Douglas Adams frequently broke rules (or at least guidelines) for comedic effect. "The ship hung in the air in exactly the way a brick doesn't".

Phaeal
10-03-2012, 05:48 PM
... It's not a novel, but may well have been based on one. "Sunset Blvd," 1950. It starts out by giving the ending away. That was something of a convention during that era, but still different compared to prior eras and it definitely broke a rule: "Save the suspense for last."


I think giving away the ending at the start can CREATE suspense. From the moment the reader (or viewer) knows X is going to die, she's nervously watching for the pistol to fire.

James D. Macdonald
10-03-2012, 05:53 PM
There are rules to this writing thing?

Yes.

The rule: If it works, it's right.

There are two strong cautions:

Don't bore the reader.
Don't confuse the reader.

Everything else is commentary.

Eliza azilE
10-03-2012, 07:37 PM
^

Rabbinic genius.

Samsonet
10-03-2012, 09:40 PM
Well of course he would know. He's the one who directed Atlanta Nights! (You will not believe how excited I was to seriously learn that he was on this site.) I'm going to stop here before I start fangirling.

Shadow_Ferret
10-03-2012, 09:49 PM
I never learned the Sublime Rules. I only know the ones I was taught in English class. And I generally don't break them. It took me years to learn them, why should I throw all that work away?

ironmikezero
10-03-2012, 11:48 PM
Do break a rule,

With deliberate intent,

If the result you require,

Is just what you meant.

Samsonet
10-04-2012, 12:28 AM
^ That sounds like a reference to something, but I have no idea what.

Agatha Christie broke pretty much all of the rules of mystery fiction. The rules I'm talking about are things like "the narrator/detective cannot commit the crime" or "there can be no love interest". By then I think she was already a Big Name Author, so she could do whatever she pleased and get away with it.

More on deliberate mistakes. Considering Poe's and Sturgeon(?)'s laws, it seems more likely that a reader would assume the mistake was unintentional (thus, the author is a horrible writer) than the odds of a random reader to "get" the "joke" (in quotes because although they obviously aren't, I can't think of a better word).

Ken
10-04-2012, 01:03 AM
I think giving away the ending at the start can CREATE suspense. From the moment the reader (or viewer) knows X is going to die, she's nervously watching for the pistol to fire.

... you've got a point there. Also finding out how the beginning/ending was arrived at is interesting.

ironmikezero
10-04-2012, 08:47 PM
[QUOTE=Samsonet;7649148]^ That sounds like a reference to something, but I have no idea what.


Actually, Samsonet, it's just a little original poem that was inspired by this thread...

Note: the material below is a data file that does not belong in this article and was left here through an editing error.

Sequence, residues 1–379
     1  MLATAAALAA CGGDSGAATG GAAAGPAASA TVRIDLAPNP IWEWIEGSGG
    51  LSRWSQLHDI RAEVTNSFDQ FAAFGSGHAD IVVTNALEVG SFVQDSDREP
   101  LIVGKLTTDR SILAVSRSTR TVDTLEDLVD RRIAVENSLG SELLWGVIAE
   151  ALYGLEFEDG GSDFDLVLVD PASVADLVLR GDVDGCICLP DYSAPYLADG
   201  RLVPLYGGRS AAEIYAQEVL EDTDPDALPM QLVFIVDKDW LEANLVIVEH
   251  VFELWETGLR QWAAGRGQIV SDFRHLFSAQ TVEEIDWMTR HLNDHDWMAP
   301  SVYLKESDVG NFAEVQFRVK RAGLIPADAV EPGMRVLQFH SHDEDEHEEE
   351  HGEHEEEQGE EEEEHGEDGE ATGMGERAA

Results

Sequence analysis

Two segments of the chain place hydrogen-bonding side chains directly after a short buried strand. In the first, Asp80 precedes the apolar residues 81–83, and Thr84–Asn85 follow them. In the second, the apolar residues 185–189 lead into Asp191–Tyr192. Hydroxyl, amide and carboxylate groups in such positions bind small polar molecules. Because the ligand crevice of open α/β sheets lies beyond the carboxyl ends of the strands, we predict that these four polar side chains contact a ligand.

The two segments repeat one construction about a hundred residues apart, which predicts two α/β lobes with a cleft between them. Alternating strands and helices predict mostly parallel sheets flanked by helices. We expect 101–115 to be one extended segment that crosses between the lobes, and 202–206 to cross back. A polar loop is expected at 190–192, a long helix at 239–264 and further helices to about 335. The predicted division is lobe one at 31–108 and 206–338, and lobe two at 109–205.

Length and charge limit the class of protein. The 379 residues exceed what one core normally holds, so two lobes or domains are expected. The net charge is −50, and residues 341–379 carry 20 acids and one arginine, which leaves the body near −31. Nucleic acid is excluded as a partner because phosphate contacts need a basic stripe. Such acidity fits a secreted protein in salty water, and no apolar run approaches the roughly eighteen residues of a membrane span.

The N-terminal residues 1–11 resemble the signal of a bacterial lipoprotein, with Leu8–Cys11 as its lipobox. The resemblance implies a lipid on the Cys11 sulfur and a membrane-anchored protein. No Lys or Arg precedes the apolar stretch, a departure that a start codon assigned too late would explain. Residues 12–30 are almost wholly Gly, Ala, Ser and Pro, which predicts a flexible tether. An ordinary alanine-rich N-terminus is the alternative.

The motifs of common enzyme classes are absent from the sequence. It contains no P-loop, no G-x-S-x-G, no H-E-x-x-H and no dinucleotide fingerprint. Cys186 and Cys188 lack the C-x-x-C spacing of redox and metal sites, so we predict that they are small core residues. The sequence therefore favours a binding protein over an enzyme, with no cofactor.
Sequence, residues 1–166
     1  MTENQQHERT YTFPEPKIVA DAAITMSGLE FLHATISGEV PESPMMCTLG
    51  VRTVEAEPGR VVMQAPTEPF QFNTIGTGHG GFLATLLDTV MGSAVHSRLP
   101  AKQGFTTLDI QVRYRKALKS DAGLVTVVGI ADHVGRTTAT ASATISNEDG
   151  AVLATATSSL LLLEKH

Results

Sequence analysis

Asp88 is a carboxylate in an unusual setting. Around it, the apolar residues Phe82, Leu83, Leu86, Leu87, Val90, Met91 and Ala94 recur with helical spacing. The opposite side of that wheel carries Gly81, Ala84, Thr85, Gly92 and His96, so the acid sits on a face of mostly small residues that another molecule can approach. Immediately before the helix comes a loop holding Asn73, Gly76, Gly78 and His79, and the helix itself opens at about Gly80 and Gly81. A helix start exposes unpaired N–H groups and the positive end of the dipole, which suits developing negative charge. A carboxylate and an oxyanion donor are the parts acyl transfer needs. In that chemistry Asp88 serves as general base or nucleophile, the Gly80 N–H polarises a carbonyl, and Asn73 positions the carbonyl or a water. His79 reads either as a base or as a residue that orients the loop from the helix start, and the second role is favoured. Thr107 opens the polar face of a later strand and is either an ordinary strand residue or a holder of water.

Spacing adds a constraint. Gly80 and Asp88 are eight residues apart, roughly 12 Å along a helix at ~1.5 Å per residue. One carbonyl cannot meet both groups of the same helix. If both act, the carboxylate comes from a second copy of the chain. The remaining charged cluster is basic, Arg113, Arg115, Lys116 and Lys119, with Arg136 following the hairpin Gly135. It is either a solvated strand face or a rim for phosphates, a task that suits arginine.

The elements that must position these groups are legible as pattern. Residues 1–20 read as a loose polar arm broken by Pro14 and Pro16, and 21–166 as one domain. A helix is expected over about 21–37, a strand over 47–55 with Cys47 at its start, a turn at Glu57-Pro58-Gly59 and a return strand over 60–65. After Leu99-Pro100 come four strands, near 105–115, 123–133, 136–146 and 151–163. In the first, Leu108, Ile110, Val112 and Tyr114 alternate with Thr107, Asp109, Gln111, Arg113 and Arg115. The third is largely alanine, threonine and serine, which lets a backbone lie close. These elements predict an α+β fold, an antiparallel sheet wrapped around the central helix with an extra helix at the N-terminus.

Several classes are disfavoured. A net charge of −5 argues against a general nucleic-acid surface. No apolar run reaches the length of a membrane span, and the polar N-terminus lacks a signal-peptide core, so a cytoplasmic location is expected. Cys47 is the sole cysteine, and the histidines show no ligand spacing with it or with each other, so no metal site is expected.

Think of it as a Get Out of Jail - Free card in iambic pentameter.

;)

GiantRampagingPencil
10-08-2012, 05:14 AM
Now and then I'll come across a non-sentence in Updike. This is from Toward the End of Time:

"Toying with my white chest hair, curling it around one index finger, while her headful of of oily wool tickles my shoulder and the side of my neck."

Seems to me one of the biggest rules is a sentence should have a subject and a verb. Nope, says Updike.

And he's right.

No. :) Seriously, though, if his intended effect was to make a sentence that puts my teeth on edge, it works.

And let's not forget the joke about the professor telling his student that two negatives can never make a positive. "Yeah, right," she responds.

blacbird
10-08-2012, 05:30 AM
There are two kinds of "rules". The first are external, the "principles" by which written communication is best accomplished by most writers, and some of which go by the umbrella term of "grammar". Others may be more specific to a particular genre of work: readers of romance fiction arrive at your book with expectations of the genre. Likewise readers of mystery, fantasy, SF, thrillers, etc. You need to have a really good reason to violate either grammar or genre expectations, one that you can make transparent to the reader, and "because I just feel like it" doesn't constitute a very good reason.

The second are the internal "rules" set up by the work itself: Continuity, unity, consistency. The first word one reads in a piece of fiction sets up expectations for the second word, which multiply exponentially in the sentence, the paragraph, the page, the chapter.

Once you have established those internal and individual "rules" in a work, you need to have a really good reason to violate them, one that you can make transparent to the reader, and "because I just feel like it" doesn't constitute a very good reason.

caw